There are many reasons why someone would choose to build a new home instead of buying an existing one. The builders might want something customized perfectly to their lifestyle, to reduce maintenance, to lower energy costs over the long term, or they might simply want to avoid the stressful process of purchasing a home in a hot market.
No matter the reason, if you are set on building a new home, a construction loan is often the best way to get started. To pay for the construction itself, a traditional mortgage loan is not an option. Construction-only loans are just that; they are loans that cover the cost of construction period, and carry their own interest rate and payment terms. Construction-to-permanent loans are slightly different – they include both the construction loan and the permanent loan to pay it off.
Before jumping into how refinancing works or how to find the right mortgage lender for you after construction is finished, let’s take a deeper look at what a construction loan in Ontario actually is.
What is a Construction Loan?
Construction loans (sometimes referred to as “self-build loans”) are just what they sound like: short-term loans used to finance the building of a home.
Construction loans are considered higher-risk loans because they are not backed by the same quality of collateral, as you would see with a traditional mortgage. Repayment is also due fairly quickly. For this reason, the downpayment on a construction loan can be hefty, with typical percentages coming in as high as 20%-25% of the total estimated construction cost. Repayment of the construction loan is due immediately after the construction period comes to an end.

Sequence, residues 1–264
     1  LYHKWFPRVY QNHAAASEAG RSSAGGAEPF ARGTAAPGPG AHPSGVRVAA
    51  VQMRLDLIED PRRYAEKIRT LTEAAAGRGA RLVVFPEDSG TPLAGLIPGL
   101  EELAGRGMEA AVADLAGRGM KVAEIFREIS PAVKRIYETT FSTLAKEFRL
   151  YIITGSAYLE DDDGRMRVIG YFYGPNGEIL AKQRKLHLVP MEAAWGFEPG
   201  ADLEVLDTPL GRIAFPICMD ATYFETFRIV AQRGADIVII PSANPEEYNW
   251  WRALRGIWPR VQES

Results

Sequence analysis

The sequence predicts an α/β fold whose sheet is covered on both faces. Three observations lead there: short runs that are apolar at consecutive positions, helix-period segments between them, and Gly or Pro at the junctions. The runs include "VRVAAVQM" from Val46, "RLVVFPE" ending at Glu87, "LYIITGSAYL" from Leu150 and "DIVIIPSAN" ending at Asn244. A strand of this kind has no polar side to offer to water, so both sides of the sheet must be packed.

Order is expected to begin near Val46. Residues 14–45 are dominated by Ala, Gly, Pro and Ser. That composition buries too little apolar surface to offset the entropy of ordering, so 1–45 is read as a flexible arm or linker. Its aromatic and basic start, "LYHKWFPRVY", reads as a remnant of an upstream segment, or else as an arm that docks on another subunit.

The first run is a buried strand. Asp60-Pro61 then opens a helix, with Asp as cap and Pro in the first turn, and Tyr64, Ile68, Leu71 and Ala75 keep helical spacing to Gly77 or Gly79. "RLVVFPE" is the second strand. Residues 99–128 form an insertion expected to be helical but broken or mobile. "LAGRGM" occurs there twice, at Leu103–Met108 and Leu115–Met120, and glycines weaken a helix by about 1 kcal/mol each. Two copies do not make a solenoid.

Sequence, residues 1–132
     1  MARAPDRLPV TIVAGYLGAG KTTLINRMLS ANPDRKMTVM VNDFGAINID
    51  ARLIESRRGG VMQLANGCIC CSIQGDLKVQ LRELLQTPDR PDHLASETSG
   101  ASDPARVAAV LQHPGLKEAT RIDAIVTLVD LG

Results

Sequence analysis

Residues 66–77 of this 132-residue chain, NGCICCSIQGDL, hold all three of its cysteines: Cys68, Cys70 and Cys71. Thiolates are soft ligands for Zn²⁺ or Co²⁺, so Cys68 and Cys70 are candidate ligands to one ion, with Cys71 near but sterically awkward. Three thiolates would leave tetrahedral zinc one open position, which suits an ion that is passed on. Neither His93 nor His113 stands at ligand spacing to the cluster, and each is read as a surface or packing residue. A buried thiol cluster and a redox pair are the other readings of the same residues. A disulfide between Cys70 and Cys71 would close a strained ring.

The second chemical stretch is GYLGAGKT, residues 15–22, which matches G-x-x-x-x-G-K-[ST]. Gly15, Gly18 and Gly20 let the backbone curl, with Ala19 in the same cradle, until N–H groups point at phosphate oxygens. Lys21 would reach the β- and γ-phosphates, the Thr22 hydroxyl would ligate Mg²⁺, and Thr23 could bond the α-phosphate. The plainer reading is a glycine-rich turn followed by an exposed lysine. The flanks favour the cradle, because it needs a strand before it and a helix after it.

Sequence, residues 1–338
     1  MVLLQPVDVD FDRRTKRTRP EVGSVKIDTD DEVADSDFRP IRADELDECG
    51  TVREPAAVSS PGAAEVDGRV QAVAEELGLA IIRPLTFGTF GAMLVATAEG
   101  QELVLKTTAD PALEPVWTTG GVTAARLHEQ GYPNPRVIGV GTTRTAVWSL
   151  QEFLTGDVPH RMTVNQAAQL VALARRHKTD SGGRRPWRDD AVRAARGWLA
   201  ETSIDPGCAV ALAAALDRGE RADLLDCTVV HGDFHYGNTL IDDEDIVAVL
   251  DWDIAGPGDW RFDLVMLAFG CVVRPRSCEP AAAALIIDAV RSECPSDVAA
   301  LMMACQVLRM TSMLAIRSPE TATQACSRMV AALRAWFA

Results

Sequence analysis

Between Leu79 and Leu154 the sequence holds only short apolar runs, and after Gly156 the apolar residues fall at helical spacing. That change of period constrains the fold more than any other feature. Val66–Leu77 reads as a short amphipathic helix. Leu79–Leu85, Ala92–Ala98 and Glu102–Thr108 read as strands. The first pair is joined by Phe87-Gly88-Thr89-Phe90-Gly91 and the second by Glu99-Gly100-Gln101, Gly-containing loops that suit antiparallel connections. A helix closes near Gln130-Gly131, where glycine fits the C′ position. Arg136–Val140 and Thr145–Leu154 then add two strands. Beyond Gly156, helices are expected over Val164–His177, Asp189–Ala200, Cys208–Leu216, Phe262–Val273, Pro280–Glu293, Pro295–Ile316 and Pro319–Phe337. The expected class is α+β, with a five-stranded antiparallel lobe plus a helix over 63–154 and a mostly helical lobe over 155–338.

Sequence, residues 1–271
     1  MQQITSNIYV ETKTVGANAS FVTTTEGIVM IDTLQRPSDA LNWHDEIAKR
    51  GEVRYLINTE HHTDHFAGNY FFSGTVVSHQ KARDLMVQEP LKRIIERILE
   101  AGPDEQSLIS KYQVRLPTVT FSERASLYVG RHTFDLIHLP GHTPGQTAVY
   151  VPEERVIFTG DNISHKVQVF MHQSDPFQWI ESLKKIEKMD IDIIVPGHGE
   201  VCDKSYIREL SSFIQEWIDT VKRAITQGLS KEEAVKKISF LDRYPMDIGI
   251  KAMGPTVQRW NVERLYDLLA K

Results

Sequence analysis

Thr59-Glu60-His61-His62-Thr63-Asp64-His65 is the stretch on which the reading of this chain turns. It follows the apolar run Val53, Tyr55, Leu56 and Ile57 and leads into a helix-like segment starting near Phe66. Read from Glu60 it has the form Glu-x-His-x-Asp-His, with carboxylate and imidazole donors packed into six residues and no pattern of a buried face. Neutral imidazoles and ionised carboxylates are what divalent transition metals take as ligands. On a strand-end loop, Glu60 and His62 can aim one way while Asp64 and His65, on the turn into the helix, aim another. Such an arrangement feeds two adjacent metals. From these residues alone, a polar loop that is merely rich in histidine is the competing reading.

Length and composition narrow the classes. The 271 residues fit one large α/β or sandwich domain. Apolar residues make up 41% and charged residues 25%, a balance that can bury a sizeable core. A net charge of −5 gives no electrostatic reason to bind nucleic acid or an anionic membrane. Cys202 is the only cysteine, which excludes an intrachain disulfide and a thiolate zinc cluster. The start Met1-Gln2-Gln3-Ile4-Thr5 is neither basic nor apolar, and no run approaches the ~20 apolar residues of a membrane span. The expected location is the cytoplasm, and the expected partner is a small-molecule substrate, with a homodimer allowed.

This high bar for entry is one reason why some people don’t consider a new construction loan and opt for the purchase of an existing home instead, complete with a traditional mortgage. If your credit report changes between the start of the build and the end of the build, you could have trouble refinancing your loan, leading to higher interest rates.
Refinancing Your Construction Loans
In many cases, the person or company taking out the construction loan will also negotiate a traditional mortgage to pay off the construction loan at the end of the build. This is called a “construction-to-permanent” loan. Very often, they receive both the construction loan and the mortgage from the same lender for convenience.
In this case, instead of a two-step process, in which a borrower must pay closing costs twice, a more streamlined agreement is reached, and refinancing is not necessarily required. However, for this convenience, the lender gets a little bit of leverage when negotiating the interest rate of the traditional mortgage, and may not give you as good a deal as you would find elsewhere.
Others may prefer to separate the process into two parts, a construction-only loan, and then a mortgage to pay that off, hoping to find a lender that will offer them a lower mortgage rate than they would find in a construction-to-permanent situation. There is a danger in doing this, because the average construction project takes 18 months to complete, and economic conditions (or your financial readiness) might change. Higher interest rates could raise the overall cost significantly over the long term, and you might not find the low rates you wanted by shopping around.
If you used the same lender to finance the construction loan and related traditional mortgage, you can’t really refinance. If you did not do so, you will be refinancing, perhaps using online loans in Canada to find the best borrowing options, with interest rates that better fit your needs.
How Soon Can You Refinance a Construction Loan?
If you only have a construction loan, you can and must find a new mortgage to pay it off at the end of the build. In this sense, you are not re-financing, but financing for the time by negotiating the traditional mortgage with the lender of your choice once the construction period is over.
If you have a construction-to-permanent loan, you have effectively already negotiated two loans in advance (the construction loan and the subsequent mortgage to pay it off), and you can refinance. In this case, you may threaten to walk out on your first agreement unless the lender matches the lower rate you found elsewhere for your traditional mortgage.